Markus Giger, the Land Matrix Initiative has just published its third scientific report on large-scale transnational land deals in the agricultural sector. What has changed since you published the last report in 2016?
The deals that were concluded up to 2016 are now increasingly being implemented. Meanwhile, the trend towards new large-scale transnational land deals has levelled off a bit in recent years. This may be because prices for agricultural commodities were no longer quite as high as from 2008 to 2015. But the trend risks picking up again, with food prices having resumed their rise in 2020.
Also, virtually all states are pouring a lot of money into their economies in response to the Covid-19 crisis – money that’s expected to generate profit. So we are likely to see massively more acreage being put into operation under existing deals, as well as new deals being concluded. Several countries, such as Indonesia, India, and Brazil, have already started to further liberalize their markets in order to attract more investors and boost their economies.
The impacts of the global land rush range widely, from deforestation and species loss to human rights violations. In the report, you describe the results of the latest analysis as sobering and even partly alarming. What is particularly worrying?
We compared our information with scientific studies on the impacts of large-scale land deals. The findings show that land deals continue to drive deforestation of the world’s last natural tropical forests. This strongly affects climate and biodiversity, and further intensifies competition for water. Meanwhile, the benefits of land acquisitions in terms of new permanent jobs, new infrastructure, tax revenues, and impetus for regional economies are usually very modest.
And what about transparency? What’s the situation there?
It’s alarming. We still lack even minimal information on more than 80 per cent of the land deals in our database. This means that neither the purchase price nor the exact location or perimeter of the area acquired are publicly known – let alone business plans or environmental and social impact assessments. Neither investors nor governments make these data publicly available, even though, in 2012, the many states and private-sector actors represented in the UN Committee on World Food Security adopted the “Voluntary Guidelines on the Responsible Governance of Tenure of Land, Fisheries, and Forests”, which require transparent handling of land deals.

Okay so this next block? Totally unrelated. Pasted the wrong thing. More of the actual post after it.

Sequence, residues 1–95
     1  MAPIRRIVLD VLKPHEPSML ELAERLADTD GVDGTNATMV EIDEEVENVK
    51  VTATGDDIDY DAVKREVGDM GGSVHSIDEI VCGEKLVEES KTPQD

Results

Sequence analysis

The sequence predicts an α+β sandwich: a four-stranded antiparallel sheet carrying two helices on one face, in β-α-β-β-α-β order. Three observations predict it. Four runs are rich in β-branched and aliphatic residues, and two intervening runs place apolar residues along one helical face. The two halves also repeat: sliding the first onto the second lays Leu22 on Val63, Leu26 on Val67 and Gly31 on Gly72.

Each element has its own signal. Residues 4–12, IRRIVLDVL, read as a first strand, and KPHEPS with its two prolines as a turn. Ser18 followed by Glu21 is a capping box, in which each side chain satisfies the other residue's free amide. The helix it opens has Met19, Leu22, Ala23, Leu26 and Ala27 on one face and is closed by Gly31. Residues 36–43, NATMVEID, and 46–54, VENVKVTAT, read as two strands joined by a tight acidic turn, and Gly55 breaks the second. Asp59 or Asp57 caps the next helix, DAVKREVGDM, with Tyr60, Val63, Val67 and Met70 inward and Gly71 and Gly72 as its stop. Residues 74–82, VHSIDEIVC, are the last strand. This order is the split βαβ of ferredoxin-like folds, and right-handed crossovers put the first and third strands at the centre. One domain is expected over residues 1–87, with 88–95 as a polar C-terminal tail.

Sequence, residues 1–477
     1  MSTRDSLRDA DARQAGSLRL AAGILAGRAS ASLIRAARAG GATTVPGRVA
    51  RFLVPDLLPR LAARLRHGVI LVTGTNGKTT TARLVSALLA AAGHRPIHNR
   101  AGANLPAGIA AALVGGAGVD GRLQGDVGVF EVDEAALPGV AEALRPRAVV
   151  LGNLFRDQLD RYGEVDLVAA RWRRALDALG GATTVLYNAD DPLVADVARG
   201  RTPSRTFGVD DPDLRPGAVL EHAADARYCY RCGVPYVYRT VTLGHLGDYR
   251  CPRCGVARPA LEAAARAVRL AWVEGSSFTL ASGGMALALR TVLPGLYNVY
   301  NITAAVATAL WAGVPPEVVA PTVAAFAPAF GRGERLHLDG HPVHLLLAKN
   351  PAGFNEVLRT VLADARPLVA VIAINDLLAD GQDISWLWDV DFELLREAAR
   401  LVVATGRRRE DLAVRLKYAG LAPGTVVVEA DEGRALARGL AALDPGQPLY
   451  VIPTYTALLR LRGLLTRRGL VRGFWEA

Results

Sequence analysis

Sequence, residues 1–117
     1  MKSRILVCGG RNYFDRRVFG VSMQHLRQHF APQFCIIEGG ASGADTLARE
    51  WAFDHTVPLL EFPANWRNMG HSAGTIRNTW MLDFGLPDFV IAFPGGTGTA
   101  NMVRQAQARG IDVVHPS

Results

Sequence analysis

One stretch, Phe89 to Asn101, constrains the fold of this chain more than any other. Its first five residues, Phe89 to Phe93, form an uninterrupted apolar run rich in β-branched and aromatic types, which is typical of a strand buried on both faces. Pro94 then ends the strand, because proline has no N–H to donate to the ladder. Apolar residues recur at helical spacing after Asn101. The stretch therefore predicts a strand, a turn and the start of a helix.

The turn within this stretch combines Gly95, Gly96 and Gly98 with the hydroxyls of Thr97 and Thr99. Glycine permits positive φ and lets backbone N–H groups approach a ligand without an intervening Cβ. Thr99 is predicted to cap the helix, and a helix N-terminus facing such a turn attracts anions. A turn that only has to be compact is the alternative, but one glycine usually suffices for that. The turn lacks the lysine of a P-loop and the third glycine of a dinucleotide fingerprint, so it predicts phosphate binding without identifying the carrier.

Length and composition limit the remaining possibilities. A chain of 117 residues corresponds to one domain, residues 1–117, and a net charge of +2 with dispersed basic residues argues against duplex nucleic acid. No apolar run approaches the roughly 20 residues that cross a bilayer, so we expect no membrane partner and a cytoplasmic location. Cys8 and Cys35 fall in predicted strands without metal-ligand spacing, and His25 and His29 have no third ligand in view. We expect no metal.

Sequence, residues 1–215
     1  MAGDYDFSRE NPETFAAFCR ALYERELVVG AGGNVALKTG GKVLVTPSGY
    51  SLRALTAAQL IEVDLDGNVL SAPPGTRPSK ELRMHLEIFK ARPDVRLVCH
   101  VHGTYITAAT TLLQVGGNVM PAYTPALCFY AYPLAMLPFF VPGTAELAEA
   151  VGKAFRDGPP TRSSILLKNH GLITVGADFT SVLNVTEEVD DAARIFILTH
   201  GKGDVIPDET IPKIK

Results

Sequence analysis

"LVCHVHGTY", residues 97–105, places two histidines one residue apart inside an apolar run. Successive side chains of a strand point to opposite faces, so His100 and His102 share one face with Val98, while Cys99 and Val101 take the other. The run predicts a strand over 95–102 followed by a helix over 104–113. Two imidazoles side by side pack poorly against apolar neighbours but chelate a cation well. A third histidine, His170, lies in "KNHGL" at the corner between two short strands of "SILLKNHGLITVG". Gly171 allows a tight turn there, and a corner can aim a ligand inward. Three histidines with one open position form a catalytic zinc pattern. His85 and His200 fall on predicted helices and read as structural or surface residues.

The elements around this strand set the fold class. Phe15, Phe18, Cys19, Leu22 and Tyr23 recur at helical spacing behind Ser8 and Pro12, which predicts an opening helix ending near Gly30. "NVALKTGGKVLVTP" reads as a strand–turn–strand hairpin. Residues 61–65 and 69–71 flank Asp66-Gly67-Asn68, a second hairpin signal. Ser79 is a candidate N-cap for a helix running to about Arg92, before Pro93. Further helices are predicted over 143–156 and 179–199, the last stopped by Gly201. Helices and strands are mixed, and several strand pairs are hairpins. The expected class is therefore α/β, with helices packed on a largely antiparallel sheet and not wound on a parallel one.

Switzerland actively supported the development of these guidelines. Do we know more about the agricultural deals in other countries that Swiss companies are involved in?
Indeed, Switzerland showed a keen interest in these guidelines and took active part in their formulation. According to our data, relatively few Swiss companies invest directly in large-scale transnational agricultural land deals. The Land Matrix platform lists around 50 Swiss deals. But we don’t know whether some of the money that, for example, Swiss banks or pension funds invest in the capital markets also flows into this type of land deal. Our data show that, generally, many land purchases are made via offshore financial centres. These are financial flows we are unable to trace.
What does this lack of transparency mean for those affected?
It has far-reaching consequences for local populations. They are usually neither informed about the deals nor do they have a say in them. If land deals were transparent, they could try to influence them, to safeguard and defend their interests and rights. That’s why it’s so extremely important to establish transparency before a deal is concluded.
It is notable that many investors are not making full use of their concession area to date. Why is that?
Of the 33 million hectares covered by land deals currently in our database, we estimate that half, at most, has been put into operation so far. On the one hand, this may be due to operational reasons. It takes a lot of capital to develop the land and make it arable. Sometimes this capital is simply not available. That’s why the most suitable areas are put into production first. On the other hand, some deals are made with speculative intentions.